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Ascent of Mount Ritter
"This isn't boring!" I don't specifically recall, but someone must have uttered these words during our trip. We had the usual auspicious start: Thursday evening traffic was horrendous, and our camp at Deadman Summit was surprisingly cold. The next morning, we encountered a car driving north in the south-bound lanes of Hwy 395. And the weather report at the Mammoth ranger station predicted still cooler "autumn temperatures" and the possibility of thundershowers. However, when we arrived at the trailhead at 7:20, everyone was there and we were soon hitting the trail. The crew consisted of Charles Schafer and myself (leader and co-leader, and official photographers), Phyllis Olrich ("fashion poem"), Tony Cruz (Mr. Epic), Andy Skumanich (climber), Bill Kirkpatrick and Roger Crawley (comic relief), and Paul Magliocco (assistant to Mr. Kirkpatrick). Roger had previously climbed Ritter, and Phyllis and Paul had been up Banner, while some others had never before visited the area.
As we hiked the 6.2 miles to Ediza Lake and gazed up at the Minarets, we discussed our options for how to bag two peaks in the course of three days. Several people quickly vetoed the idea of climbing one of them on the last day. And only Andy expressed any interest in doing much altitude the first day. So it was settled: cram both peaks into a long Saturday. Friday afternoon was thus devoted to fighting mosquitoes and to long naps amongst one of the most scenic Sierra backdrops. It was at this time that a solo hiker set up camp nearby. He had a monstrous pack (Phyllis estimated 100 lb) and became known to us by several names: Mr. Mill Valley, Blue Eyes (who came up with that one?), and Eric.
That evening, we had the usual bear bagging adventures. On his second attempt, Bill threw the rock in a beautiful arc over the tree limb, only to have the rope part company with the rock at the apex and fall uselessly to the ground. At the other end of camp, Roger turned tree climber in order to reposition another bear rope. Even the squirrels were in awe.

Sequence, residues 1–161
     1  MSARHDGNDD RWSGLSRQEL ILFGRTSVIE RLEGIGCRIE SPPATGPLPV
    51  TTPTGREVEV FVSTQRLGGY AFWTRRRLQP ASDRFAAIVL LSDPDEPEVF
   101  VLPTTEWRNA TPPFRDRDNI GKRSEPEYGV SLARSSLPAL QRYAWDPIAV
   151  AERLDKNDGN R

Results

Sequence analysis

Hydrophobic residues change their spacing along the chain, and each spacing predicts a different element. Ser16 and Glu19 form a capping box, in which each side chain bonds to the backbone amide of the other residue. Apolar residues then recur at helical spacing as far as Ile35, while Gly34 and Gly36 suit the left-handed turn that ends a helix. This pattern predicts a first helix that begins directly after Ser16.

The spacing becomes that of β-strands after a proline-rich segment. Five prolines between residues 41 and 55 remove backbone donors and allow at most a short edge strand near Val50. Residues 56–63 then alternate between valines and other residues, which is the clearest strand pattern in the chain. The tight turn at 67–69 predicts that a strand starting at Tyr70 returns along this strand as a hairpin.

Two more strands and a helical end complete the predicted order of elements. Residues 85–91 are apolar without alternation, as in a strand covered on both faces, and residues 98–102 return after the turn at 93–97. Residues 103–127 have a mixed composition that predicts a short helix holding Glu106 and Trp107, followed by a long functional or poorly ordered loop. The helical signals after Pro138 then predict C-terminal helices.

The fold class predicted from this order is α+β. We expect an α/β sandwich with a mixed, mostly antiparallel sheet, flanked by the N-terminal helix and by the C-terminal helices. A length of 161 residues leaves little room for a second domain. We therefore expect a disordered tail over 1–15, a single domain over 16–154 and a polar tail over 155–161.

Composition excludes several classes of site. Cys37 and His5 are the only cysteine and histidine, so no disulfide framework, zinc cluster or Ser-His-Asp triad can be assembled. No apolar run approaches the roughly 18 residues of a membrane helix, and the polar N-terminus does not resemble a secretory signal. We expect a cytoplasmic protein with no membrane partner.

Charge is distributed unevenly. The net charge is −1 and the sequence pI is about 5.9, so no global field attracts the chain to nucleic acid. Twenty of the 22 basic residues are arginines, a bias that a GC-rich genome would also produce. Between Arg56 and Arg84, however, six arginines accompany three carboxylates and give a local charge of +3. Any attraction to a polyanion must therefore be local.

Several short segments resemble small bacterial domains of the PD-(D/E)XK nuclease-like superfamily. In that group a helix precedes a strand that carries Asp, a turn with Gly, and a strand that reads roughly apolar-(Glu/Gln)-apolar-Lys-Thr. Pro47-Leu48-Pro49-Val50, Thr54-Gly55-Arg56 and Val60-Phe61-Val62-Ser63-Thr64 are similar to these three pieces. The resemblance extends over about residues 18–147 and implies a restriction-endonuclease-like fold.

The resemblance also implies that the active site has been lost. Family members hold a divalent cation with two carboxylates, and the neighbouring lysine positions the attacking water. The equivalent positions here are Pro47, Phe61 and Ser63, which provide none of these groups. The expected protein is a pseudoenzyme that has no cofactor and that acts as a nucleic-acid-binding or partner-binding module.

Summit day began with a 6:30 departure. In no time we were on snow, a major theme of the climb. We traversed Ritter by ascending the SE glacier, then descending to the Ritter-Banner saddle. A quick scurry up Banner followed, then a descent from the saddle. The highlights follow:
Crampons proved very useful when the ascent to the glacier became steep. Except for a 100 to 200 yard class 2 rock band, the entire ascent was on snow and was straight forward. Neither the weather nor the summit views could be better. Several people tried to identify all the visible peaks, but finally gave up. It was with considerable regret that we left the summit.
From the top of Ritter, it appeared to be almost straight down to the saddle with Banner. The descent first involved heading down a loose class 3 ridge, where Paul earned enormous praise for his assistance to Bill. It was also here that Phyllis suffered the only notable injury, when she was hit on the calf by a rock she dislodged herself. We were then forced into front pointing down a 50+ degree snow-filled gully. Roger and others searched desperately for an alternative, but there was none. Though few in the group had ever been on such steep snow before, it was within everyone's ability, and the emergency rope stayed in my pack. One side effect was to render the later descent from the saddle on steep snow trivial, and a number of people later called it all a good experience. Everyone certainly got plenty of crampon practice that day.
From the saddle, Phyllis and Bill headed for camp while the rest of us scrambled up the class 2 slope of Banner. Tony was already completely spent, so he climbed purely on motivation - something we shouldn't have allowed. To get down safely, he became very slow and deliberate. The route was obvious and he eventually made it back to camp, with Charles monitoring his progress much of the way. It was almost 11pm when the epic ended.
Our return day was pretty routine. We met Eric for lunch in Mammoth, then Roger and Phyllis basked in Hot Creek during a drizzling rain before heading home.
Side notes: I had my permit checked for the first time ever in the Sierra. Andy's noting that Phyllis was not a fashion statement but rather a fashion poem. The real fashion statement was in the form of a full-body bug suit, being modeled along the trail on our hike out. Several people were heard to comment that they had a good time.
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